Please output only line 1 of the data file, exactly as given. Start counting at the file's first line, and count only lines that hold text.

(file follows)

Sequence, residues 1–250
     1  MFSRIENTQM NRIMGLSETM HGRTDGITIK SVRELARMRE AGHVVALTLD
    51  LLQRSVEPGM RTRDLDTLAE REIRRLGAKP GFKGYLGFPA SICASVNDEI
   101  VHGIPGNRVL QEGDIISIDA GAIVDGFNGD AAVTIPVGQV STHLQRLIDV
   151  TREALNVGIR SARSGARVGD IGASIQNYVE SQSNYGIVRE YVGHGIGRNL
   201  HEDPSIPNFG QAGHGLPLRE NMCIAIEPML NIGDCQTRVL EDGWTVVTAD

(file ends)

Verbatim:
Sequence, residues 1–250